I just stumbled across a post from the folks at Reforge and while short, it summarizes a super important point. Let's go.
How To Choose A Project
Especially a bit further into our careers we are able to choose what projects we'd like to work on (within the boundaries of our job description at least). But HOW do we choose? Some people choose projects based on if they are easiest, the most fun, the most creative, the most technically difficult, etc.
However, if you'd like to optimize for your career trajectory and learning, we might have to look at the whole thing a bit differently. Let's have a look at the graph below.
On the Y axis you got "Impact" from low to high. This one should be pretty self-explanatory. You only want to work on projects that have an impact, why work on the ones that don't?
The X axis is less obvious. The first inclination would be to choose the high popularity projects, right? But let's assume you go for the unpopular, hard, and messy projects. This does a couple of things for you:
- You learn more, because the bigger the challenge, well the more you need to use your brain.
- Messy projects mean you really need to dig deep to understand and untangle the issue at hand. You become an instant expert on the topic within your organization.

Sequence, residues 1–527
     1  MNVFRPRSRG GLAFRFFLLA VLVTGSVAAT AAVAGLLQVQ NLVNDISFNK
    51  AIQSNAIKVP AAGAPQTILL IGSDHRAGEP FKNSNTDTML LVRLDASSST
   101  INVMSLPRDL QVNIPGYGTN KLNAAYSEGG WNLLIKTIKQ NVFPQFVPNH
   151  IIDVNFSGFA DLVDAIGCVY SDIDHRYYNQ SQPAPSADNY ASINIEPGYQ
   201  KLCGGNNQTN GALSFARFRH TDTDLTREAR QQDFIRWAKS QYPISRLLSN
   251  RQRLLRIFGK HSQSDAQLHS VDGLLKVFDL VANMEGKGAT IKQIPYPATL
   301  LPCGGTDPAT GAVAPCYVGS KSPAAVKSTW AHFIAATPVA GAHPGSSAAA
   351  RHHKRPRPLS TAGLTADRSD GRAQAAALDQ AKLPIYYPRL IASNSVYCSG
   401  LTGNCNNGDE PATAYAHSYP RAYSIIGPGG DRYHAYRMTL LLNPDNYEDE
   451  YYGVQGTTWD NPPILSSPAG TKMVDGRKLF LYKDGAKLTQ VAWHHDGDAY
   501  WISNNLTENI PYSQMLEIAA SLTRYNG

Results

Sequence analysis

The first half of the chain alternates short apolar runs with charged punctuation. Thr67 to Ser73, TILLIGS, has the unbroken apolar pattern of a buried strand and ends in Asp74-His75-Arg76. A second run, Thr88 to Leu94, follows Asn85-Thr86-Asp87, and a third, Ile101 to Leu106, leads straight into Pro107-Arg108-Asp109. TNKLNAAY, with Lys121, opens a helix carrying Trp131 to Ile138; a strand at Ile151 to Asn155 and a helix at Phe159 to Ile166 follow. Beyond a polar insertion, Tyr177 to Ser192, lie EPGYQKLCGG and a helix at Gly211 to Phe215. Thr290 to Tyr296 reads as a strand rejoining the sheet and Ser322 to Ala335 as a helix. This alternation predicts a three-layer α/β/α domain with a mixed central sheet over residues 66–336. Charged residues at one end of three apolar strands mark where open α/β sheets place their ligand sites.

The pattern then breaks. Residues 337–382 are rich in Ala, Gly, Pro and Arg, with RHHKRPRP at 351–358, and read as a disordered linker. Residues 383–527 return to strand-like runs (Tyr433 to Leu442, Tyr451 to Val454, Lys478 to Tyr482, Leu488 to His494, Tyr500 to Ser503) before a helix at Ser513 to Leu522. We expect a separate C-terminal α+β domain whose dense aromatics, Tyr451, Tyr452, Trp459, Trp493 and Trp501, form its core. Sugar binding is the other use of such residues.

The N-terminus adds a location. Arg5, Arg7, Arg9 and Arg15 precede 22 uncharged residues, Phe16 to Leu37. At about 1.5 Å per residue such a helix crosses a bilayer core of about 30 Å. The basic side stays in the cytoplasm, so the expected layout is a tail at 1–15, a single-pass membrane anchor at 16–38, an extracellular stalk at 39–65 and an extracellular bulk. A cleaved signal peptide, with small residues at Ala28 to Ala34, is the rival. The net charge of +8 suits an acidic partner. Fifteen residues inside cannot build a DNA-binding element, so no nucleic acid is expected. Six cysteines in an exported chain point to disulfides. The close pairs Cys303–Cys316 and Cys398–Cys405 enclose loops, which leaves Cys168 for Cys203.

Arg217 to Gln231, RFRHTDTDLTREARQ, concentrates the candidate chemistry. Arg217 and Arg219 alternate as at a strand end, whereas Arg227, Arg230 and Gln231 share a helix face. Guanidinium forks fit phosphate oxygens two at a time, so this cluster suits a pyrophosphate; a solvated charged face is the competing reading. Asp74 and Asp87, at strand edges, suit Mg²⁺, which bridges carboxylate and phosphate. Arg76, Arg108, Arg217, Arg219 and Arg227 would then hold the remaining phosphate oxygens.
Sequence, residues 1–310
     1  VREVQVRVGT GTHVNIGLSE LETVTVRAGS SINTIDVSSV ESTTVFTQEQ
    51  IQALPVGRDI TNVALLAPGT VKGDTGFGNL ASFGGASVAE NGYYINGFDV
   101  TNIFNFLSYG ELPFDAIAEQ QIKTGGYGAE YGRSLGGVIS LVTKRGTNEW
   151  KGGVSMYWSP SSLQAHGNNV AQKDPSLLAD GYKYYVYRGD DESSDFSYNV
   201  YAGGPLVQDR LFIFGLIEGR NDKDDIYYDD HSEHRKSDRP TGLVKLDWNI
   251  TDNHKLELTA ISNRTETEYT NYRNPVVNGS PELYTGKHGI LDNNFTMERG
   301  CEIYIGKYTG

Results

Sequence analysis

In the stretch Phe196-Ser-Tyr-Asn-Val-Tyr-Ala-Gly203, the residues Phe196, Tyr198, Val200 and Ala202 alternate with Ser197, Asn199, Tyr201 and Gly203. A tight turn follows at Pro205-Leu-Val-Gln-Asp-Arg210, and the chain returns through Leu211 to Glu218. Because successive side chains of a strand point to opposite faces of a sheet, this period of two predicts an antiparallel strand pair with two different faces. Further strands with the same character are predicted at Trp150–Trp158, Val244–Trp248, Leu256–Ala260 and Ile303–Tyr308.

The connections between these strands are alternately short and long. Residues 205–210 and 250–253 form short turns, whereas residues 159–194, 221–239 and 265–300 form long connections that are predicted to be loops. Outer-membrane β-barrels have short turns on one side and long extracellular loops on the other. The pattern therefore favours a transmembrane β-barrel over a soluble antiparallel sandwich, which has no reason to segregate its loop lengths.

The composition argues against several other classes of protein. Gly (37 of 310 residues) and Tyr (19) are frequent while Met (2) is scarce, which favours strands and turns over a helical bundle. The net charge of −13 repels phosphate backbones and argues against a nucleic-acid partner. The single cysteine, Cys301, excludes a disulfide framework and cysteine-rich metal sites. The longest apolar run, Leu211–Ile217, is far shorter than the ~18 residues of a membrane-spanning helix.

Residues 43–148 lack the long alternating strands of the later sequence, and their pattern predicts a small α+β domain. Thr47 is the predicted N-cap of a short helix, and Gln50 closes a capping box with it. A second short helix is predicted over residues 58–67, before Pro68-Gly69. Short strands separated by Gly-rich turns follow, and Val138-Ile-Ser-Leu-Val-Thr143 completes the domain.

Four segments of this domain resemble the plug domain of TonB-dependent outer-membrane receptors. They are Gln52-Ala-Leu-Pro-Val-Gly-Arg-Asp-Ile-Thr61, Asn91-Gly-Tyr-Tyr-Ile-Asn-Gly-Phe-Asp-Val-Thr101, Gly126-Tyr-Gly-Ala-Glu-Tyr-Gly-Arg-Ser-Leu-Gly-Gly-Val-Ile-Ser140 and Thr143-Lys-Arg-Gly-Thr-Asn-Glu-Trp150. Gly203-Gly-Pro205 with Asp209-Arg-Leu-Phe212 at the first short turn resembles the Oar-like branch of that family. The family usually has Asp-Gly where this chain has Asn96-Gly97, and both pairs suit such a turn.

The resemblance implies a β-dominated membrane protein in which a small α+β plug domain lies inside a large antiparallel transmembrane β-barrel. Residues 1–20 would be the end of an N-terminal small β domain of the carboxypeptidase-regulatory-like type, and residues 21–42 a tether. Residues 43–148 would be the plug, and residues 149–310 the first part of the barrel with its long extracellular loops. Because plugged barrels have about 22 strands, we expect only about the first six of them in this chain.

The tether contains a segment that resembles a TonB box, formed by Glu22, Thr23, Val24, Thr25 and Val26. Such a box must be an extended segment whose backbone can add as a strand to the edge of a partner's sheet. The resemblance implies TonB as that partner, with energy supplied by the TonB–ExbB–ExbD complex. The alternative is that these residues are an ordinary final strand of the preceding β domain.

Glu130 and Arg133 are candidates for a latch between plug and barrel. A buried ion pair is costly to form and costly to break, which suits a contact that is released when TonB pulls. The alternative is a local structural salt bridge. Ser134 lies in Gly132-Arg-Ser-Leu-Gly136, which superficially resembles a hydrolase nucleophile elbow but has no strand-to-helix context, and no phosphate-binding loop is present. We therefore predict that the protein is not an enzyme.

- As Brian Balfour puts it, you become "the leader and savior, because you are tackling something no one else wanted to touch and everyone wants these types of people on their team".
So whether you are working on a product internally or in an agency for external clients, if you constantly choose the high impact, low popularity projects it won't take very long until everyone in the company knows you. And they will seek you out for the most interesting opportunities going forward. I wish someone told me that 10 years ago!
Three examples for high impact, low popularity projects include:
- Any kind of high complexity migration to a new system (e.g. CRM, Marketing Automation etc.).
- Reforge names the marketing discipline of Monetization, because there is a perceived high risk and the pretty much every department in the company is involved.
- Setting up and implementing automations, processes and SOPs to increase operational efficiencies (i.e. saving costs and resources).